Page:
Wednesday, July 1, 2015

34 (2015-2016): Review of THE TOUR (seen June 30, 2015)

“It's a Helluva Town”
Stars range from 5-1.



I’m a native New Yorker from one of the outer boroughs; I even drove a cab in my senior year of college, back in the early 60s, so I think I know the city—at least its best-known hotspots—about as well as anyone. I’ve taken bus tours of major international cities, but I’ve never felt the need to do so in my home town. Even though there’s always stuff to learn, my mindset was that these tours were strictly for the tourist trade, or for parochial local yokels who don’t get out much, and did all I could to avoid them. Three years ago, however, shortly after I became a Drama Desk Awards Nominator, the opportunity to take a Manhattan bus tour landed in my lap when a venture called The Ride invited the committee to consider its version of a New York bus tour in the category of Unique Theatrical Experience. Guess what? The Ride was actually nominated!

Recently, the company that produces The Ride has begun a new offshoor, The Tour, which makes three daily trips, at 12:00, 2:00 p.m., and 4:00 p.m. Invited to experience it I brought along my 23-year-old granddaughter, a Long Island native with only limited experience of Manhattan. Not quite a tourist, of course, she nonetheless stood to gain a great deal from an educational journey around town on a big, comfortable bus snaking its way through midtown Manhattan, pointing out all the sights. Unfortunately, The Tour, which accommodates 49 sightseers, is nowhere near as much fun as The Ride (or as expensive: adults are $45 on The Tour vs. $74 on The Ride)--and, despite the hype, isn’t that much different from its ubiquitous rivals, most of which also have well-trained guides whose amplified voices point out the major landmarks accompanied by background information, peppered now and then with amusing commentary.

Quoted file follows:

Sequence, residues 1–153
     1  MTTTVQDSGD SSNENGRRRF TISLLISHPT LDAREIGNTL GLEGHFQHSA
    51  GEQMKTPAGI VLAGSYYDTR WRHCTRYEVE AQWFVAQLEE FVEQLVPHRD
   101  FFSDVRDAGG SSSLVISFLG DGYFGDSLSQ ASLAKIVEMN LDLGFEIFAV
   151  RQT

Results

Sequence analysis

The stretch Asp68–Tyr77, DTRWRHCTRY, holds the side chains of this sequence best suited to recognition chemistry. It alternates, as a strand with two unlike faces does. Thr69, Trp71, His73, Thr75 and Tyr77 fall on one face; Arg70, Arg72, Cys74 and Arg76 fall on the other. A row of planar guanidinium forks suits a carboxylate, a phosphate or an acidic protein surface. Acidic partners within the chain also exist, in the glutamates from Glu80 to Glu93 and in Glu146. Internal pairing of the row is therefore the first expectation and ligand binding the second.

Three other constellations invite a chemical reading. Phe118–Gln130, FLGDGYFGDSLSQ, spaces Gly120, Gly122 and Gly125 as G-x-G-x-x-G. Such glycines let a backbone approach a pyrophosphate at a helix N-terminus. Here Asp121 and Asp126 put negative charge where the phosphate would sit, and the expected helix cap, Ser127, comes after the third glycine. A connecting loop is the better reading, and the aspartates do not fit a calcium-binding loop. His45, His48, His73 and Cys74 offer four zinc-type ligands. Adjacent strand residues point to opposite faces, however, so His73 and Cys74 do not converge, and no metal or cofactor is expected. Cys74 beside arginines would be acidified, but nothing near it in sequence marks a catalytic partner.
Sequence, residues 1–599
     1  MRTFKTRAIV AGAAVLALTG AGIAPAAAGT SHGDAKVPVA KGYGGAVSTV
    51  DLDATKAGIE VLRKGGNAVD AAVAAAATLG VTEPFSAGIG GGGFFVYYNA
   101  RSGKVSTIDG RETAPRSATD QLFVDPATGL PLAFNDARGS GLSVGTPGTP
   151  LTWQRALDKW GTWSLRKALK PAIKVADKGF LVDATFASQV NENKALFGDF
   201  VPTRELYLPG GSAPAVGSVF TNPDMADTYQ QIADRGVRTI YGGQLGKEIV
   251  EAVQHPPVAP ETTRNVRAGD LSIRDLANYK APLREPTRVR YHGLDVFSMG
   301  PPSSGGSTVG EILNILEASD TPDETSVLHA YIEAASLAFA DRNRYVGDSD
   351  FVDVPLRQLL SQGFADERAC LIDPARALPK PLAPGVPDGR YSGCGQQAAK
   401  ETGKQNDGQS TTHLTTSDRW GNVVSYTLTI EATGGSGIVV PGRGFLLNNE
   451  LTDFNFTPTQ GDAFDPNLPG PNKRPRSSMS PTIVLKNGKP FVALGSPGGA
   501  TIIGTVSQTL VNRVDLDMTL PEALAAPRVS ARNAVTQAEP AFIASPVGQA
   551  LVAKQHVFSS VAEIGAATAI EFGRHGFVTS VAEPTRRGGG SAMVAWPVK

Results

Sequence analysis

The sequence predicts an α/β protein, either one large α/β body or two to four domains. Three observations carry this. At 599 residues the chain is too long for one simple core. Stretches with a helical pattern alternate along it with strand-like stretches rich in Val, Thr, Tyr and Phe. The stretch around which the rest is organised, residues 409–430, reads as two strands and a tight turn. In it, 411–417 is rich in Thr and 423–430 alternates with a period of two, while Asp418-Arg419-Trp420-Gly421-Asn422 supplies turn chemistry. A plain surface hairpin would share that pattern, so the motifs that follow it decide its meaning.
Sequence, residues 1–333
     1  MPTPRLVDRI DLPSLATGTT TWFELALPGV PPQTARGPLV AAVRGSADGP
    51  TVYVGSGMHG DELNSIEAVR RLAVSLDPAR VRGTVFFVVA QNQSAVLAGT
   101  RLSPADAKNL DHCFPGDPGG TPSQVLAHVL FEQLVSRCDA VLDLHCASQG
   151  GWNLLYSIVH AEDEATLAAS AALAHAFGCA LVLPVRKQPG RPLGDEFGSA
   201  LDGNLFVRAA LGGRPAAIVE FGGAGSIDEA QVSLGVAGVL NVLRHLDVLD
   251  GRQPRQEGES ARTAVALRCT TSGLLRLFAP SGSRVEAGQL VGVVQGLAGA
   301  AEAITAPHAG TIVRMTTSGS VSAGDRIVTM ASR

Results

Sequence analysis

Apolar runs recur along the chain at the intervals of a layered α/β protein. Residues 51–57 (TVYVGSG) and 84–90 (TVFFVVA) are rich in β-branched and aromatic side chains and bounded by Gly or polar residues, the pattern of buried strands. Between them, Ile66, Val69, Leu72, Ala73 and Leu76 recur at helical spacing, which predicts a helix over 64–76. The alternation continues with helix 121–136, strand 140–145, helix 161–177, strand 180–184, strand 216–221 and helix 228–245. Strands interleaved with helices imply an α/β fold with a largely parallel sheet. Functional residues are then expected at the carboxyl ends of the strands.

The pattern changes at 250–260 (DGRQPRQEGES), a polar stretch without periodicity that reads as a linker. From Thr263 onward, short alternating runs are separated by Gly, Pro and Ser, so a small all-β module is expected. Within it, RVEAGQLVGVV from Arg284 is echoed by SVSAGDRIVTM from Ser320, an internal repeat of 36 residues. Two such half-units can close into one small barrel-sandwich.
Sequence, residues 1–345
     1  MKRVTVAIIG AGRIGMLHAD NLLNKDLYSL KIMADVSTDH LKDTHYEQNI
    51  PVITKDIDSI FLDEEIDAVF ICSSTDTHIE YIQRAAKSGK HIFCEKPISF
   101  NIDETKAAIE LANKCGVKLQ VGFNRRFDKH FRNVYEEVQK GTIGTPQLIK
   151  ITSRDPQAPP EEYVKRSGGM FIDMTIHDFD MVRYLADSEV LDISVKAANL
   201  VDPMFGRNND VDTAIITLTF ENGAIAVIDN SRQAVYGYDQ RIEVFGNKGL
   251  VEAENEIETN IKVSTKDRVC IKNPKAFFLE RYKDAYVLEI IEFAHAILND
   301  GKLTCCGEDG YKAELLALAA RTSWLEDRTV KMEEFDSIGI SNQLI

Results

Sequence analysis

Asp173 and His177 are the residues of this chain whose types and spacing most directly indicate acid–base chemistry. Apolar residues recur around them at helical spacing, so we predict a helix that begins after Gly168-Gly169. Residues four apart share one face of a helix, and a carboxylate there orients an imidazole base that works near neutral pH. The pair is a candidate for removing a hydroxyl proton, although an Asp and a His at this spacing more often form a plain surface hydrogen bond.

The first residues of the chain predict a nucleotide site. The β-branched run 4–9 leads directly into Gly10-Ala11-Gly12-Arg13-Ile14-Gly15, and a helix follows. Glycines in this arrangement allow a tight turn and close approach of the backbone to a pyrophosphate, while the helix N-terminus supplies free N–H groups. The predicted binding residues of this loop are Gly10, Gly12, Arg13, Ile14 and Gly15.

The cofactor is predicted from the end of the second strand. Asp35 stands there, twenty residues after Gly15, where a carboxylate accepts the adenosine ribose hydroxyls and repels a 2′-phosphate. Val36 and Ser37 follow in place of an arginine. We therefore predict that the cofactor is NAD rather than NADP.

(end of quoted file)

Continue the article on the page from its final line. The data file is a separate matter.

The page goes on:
Unlike most of the other tours, which have an exposed upper deck, The Tour, like The Ride, places everyone inside, on “stadium”-type bleachers built from front to rear; facing to the left, you watch the passing parade of buildings, cars, taxis, trucks, and people through large glass windows. A windowed roof allows you to look straight up at the towering skyscrapers as well as at the traffic lights and signs that nearly scrape the top of the bus, whose height makes it the tallest allowable vehicle in town.

Although this configuration works for The Ride, where the guides are essentially singing comedians and the seating helps focus on them as well as on what’s outside, The Tour, lacking the need for such focus, makes you aware you’re missing what’s on the side behind you. So you see only one half of any street, missing some of New York’s best features by this forced perspective. I wonder if a more flexible arrangement, with the customers seated facing forward on swivel seats, might improve the situation. At any rate, those who sit in the open air on more conventional buses have a much greater view of what’s around them than do those experiencing The Tour.